For those who do not know, Gaelic is the native language of Ireland, and was the main language of the island until the English invasion in the Middle Ages. The language is still spoken by about 35% of the Irish population and, since 2005, it is one of the official languages of the European Union. In recent years, the debate on language preservation and language teaching in schools in Ireland has grown.
Gaelic has some peculiarities. The word order, for example, is different, since the subject comes after the verb. The phrase “I like ice cream” in Gaelic would be written “I like ice cream”, which can confuse some students. In addition, vowels can have an accent, just like in Portuguese. But if it serves as motivation, Gaelic has only eleven irregular verbs, while English has more than three hundred!
If you are interested in learning the Irish language, we have separated some resources that can help. Check out:
Duolingo – The old acquaintance of language students offers a free course in Gaelic for English speakers, with quick and fun lessons. The app is used by more than 2.3 million people to learn Gaelic, including Irish people. Scientific studies show that 34 hours of practice at Duolingo is equivalent to an entire semester of language courses.
TG4 Player – The TG4 television channel has most of its programming in Gaelic, and many of the programs are subtitled in English. The content is diverse: there are series, documentaries, reality shows, musical programs, etc. TG4 Player, the channel’s streaming service is free and can be watched online.
No Béarla – The documentary series No Béarla (No English) shows the Irishman Manchán Magan traveling through Ireland speaking only Gaelic. The series is funny because it shows the unusual reaction of people, who were often irritated by the presenter. All episodes are available on this YouTube channel.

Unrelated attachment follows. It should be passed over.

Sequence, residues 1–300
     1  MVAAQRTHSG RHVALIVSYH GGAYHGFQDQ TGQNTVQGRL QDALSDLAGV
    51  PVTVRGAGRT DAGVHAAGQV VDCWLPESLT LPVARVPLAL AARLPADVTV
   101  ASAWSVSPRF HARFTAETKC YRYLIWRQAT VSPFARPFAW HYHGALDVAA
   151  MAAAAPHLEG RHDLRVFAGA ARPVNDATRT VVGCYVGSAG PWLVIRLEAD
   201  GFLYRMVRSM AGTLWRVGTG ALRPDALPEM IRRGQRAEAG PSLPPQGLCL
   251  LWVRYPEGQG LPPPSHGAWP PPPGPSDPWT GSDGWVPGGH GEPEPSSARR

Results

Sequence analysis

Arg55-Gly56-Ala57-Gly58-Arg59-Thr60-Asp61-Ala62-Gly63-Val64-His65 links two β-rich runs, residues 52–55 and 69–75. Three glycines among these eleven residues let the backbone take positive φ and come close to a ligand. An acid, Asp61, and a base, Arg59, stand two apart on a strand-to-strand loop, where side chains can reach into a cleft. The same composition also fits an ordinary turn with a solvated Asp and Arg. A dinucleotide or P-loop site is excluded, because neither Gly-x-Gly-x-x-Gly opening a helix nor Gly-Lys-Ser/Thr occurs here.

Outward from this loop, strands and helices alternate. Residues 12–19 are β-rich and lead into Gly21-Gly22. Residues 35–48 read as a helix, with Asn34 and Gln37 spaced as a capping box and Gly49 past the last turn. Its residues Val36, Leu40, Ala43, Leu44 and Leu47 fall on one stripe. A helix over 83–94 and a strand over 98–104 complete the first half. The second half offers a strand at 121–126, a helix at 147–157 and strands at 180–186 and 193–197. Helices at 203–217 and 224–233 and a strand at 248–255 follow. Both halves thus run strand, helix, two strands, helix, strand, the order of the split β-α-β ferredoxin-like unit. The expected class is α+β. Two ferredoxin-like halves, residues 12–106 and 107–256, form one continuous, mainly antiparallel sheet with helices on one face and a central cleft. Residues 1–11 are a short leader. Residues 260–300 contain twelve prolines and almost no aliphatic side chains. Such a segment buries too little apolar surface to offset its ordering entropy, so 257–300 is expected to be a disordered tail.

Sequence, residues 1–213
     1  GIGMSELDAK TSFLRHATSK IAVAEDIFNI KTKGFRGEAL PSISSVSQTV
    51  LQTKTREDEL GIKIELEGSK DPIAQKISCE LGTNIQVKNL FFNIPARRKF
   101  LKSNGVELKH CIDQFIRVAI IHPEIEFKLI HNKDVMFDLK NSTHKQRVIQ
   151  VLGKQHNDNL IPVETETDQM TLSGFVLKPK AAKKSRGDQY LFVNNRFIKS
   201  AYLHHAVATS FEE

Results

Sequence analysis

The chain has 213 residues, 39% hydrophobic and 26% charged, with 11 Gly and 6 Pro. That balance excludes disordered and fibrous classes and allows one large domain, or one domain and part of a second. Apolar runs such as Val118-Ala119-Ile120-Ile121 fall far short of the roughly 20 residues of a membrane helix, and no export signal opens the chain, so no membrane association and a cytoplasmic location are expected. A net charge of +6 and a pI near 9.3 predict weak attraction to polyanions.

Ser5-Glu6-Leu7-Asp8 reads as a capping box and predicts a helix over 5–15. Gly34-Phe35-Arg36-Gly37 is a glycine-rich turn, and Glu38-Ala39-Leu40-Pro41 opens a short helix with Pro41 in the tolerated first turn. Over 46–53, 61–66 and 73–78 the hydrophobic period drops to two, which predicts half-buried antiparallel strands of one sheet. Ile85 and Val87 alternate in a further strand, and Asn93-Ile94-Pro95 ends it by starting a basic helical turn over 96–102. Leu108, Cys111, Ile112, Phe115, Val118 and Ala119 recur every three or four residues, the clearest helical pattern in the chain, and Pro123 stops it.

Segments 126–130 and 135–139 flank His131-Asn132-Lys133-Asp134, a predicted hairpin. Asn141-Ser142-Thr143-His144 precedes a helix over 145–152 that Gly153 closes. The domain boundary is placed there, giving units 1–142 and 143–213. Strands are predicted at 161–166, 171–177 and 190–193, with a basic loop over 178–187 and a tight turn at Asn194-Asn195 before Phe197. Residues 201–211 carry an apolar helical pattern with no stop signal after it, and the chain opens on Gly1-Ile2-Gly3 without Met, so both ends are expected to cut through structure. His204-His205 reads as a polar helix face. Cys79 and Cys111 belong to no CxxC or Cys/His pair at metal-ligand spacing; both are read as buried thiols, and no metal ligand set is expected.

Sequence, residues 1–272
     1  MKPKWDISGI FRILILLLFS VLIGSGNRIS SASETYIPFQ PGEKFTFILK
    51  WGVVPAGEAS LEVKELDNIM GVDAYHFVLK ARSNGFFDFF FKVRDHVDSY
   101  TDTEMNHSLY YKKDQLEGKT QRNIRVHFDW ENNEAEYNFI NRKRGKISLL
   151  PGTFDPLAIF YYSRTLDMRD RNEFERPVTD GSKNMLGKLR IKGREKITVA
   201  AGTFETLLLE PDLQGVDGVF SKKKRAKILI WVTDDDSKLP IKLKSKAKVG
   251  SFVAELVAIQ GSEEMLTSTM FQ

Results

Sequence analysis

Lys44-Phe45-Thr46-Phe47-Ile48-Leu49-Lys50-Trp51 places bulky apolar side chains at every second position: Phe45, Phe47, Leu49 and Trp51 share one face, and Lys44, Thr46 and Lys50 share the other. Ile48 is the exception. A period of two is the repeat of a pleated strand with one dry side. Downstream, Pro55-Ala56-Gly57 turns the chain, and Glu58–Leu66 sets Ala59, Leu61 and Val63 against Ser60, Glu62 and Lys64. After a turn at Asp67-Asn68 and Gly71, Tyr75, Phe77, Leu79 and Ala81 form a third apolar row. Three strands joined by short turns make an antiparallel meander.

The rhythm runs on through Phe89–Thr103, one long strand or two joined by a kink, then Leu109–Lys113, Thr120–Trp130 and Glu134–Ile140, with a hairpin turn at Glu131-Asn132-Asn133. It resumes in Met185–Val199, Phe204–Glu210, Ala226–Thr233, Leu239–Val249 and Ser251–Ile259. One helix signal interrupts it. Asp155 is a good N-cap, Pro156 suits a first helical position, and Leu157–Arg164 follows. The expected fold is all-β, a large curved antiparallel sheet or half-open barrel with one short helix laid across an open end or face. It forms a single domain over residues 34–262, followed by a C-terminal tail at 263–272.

Úna-Minh Kavanagh – YouTuber and journalist Úna-Minh Kavanagh was born in Vietnam, but was adopted by an Irish family and brought to the country when she was just 6 weeks old. She is fluent in Gaelic and her videos are often subtitled in English. She has a series of videos with tips for learning the language entirely online.
Wikipedia – The online encyclopedia has its own Gaelic version, the Vicipéid, with more than 53,000 pages. It is an easy way to practice reading and writing, translating articles from English into Gaelic, or vice versa.
NÓS – This is a magazine and news portal entirely in Gaelic, and the contents address topics such as music, cinema, literature, health and lifestyle. The website content is completely free and you can also follow them on Twitter and Facebook.
Foclóir.ie – Better than using the Google translator is to use Foclóir.ie, the official English-Irish dictionary and completely free. In addition to the familiar functions of a dictionary, the site also offers grammar information and audio files to help with the pronunciation of words. You can also use this site to see all the words in the dictionary listed in alphabetical order.
Verbix – Verb conjugation is usually the most difficult part to learn in a new language. This site helps by making the conjugation of verbs in all subjects and verb tenses of Gaelic.